Last time, our blog discussed how once the euphoria associated with landing a new job wears off, a person should perhaps take some time to educate themselves about the wage laws in their state in order to protect themselves from possible exploitation by their employer.
There is perhaps no better feeling than getting a phone call from an employer offering you a job. While part of this is because the job will provide you with a stable income and maybe even benefits, another part is that it stands as a sort of validation of all of your hard work leading up to that point.
One of the more closely watched and hotly debated topics at both the state and federal level over the course of the last few years has been the adequacy of wage and hour laws.
Tomorrow will prove to be a historic day here in Minnesota as the minimum wage currently paid to hundreds of thousands of employees in a multitude of sectors is set to increase for the first time in almost ten years.
Minnesota lawmakers made headlines this past legislative session when they voted to raise the minimum wage in the state to $9.50 an hour by 2016, a move that has been since been lauded by both employees throughout the state and employment advocacy groups across the nation.
A group of more than 64,000 software engineers have reached an agreement with some of the country’s largest tech companies over an alleged $3 billion in wage theft over the course of four years. The engineers worked with the Department of Labor to obtain the settlement after it became clear that the software companies were working together to keep pay at a low, stable rate. Specifically, the companies colluded not to compete for employees. This had the result of eliminating competition for top talent, which prevented the normal salary increases that come along with changing one’s job.
The debate over whether student athletes on the college level should be increasingly compensated for their efforts continues, stoked by recent comments from the NCAA president made during an interview about the upcoming basketball championship games. Student athletes are not paid during their time playing for their school. Although many of them hope to go on to careers in the professional leagues, only a small fraction will. Now some are arguing that they should be paid in more than just discounted or free tuition for their time playing for colleges.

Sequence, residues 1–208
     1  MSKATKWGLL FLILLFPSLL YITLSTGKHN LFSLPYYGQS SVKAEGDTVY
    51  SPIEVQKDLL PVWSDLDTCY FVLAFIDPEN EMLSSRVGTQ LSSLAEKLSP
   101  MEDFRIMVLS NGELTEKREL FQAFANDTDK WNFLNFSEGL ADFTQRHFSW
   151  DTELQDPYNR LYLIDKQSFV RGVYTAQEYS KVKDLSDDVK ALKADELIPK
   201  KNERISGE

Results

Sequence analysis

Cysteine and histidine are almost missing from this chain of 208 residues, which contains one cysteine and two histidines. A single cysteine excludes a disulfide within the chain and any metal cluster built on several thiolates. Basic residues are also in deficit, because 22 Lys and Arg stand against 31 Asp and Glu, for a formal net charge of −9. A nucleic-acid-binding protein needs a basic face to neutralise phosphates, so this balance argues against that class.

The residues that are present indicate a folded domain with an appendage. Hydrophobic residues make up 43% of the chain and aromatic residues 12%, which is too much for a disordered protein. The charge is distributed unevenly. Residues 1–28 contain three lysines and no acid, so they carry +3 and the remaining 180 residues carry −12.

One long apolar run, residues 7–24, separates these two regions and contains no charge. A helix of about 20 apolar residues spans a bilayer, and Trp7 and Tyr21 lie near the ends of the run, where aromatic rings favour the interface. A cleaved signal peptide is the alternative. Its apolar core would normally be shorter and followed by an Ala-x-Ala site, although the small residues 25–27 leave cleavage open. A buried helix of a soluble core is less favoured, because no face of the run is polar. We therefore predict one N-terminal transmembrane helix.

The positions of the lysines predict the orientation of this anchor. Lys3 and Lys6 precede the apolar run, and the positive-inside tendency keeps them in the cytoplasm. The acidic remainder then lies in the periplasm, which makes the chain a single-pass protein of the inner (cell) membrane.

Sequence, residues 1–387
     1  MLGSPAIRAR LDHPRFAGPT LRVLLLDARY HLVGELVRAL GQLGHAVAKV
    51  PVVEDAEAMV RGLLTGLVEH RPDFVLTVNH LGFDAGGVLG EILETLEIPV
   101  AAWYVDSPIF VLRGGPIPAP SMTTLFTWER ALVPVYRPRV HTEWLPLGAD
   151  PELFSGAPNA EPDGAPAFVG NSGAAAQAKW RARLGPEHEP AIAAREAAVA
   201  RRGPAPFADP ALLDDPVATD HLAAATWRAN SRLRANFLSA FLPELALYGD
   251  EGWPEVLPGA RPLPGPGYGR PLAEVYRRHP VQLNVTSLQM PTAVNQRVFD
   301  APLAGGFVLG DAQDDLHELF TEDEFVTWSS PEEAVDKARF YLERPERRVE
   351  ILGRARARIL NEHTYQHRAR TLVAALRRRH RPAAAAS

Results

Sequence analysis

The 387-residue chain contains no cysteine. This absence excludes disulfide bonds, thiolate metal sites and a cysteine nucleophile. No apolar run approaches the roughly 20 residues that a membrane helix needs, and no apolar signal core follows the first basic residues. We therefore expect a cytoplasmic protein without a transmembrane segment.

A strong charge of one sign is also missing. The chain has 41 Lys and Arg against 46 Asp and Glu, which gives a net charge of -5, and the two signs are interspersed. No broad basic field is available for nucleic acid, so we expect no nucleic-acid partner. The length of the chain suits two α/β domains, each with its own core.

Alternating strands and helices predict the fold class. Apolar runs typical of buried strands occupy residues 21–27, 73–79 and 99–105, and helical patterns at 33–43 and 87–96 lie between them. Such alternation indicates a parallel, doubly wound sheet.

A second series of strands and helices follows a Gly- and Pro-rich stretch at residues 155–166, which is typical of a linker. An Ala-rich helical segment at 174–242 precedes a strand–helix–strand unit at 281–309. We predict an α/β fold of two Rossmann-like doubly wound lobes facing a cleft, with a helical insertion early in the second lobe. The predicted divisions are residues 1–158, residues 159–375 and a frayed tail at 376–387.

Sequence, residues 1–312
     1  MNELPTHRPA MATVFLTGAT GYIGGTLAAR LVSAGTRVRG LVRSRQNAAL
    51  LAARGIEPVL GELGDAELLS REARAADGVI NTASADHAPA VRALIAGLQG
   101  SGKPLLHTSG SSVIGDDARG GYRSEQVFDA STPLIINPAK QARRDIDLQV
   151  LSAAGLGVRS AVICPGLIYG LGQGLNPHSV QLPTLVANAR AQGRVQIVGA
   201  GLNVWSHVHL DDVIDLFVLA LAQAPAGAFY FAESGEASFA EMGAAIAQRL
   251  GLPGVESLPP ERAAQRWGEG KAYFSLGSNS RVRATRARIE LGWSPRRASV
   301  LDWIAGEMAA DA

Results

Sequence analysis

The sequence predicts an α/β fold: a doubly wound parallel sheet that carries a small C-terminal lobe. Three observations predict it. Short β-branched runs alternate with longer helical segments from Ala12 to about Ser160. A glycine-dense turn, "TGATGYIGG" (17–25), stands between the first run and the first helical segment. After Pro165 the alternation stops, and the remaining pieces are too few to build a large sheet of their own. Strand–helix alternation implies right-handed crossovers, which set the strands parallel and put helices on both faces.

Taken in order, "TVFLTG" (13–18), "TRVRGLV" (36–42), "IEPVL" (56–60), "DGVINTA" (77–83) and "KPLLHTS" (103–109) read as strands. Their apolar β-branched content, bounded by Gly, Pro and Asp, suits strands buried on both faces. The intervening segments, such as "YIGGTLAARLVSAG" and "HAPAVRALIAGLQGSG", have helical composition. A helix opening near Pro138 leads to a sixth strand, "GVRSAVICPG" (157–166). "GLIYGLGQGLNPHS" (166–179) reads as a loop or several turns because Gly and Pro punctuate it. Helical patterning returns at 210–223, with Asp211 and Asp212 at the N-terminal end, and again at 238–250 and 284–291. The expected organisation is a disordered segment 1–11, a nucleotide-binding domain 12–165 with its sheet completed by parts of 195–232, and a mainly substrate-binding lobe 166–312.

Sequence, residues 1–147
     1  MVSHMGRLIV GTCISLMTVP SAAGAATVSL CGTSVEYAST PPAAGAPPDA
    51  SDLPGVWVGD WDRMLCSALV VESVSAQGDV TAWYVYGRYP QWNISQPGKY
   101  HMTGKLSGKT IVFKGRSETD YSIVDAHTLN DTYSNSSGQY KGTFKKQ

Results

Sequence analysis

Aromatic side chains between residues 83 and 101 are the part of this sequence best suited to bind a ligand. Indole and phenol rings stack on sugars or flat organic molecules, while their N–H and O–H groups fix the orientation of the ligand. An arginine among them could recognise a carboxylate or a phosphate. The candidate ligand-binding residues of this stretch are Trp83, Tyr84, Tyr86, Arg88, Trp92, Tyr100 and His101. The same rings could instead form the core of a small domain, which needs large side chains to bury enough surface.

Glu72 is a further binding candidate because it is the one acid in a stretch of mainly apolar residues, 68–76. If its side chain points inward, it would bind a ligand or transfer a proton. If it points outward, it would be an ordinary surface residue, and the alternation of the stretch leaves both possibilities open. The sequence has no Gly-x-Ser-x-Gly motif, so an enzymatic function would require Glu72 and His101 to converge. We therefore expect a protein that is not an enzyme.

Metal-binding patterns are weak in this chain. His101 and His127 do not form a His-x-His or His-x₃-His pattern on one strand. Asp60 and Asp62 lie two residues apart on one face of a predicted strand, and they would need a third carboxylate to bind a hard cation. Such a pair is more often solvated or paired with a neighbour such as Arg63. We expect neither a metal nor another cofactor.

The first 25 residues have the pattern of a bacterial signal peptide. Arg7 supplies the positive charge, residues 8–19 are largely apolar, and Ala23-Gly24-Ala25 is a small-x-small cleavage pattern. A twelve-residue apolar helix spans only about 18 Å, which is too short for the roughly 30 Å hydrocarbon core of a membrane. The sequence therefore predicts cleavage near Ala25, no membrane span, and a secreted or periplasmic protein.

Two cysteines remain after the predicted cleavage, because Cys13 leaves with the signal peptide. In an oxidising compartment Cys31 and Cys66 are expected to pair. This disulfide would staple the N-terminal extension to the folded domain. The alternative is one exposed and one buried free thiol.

Advocates seeking to raise the federal minimum wage have gained the support of small business groups and the White House. A recent proposal by the Obama Administration asked to raise the minimum wage to $10.10 per hour with a tie to the rising cost of living. The current federal minimum wage is $7.25 per hour which is generally accepted as too low a wage to live on in any state in the U.S.
As with other areas of the law, the landscape of employment law is ever-changing. Court opinions and regulatory actions always impact the real life applications of employment protection laws, particularly as debates continue over issues like employment discrimination. One influential case from last year has cast a long shadow in that area – the nationwide employment discrimination case against Wal-Mart. That case was dismissed by the United States Supreme Court for lack of cohesiveness as a class action. The result was stricter standards for filing class action lawsuits for employment discrimination.
An Oakland Raiders cheerleader just filed a proposed class-action lawsuit on behalf of 40 current and former Raiderettes. She claims the Raiderettes’ contract violates both state and federal wage and hour laws -- and cheerleaders’ contracts with other NFL teams probably do, as well. She invites other dancers with similar problems to join. Twenty-six of the NFL’s 32 teams, including the Minnesota Vikings, have cheerleaders.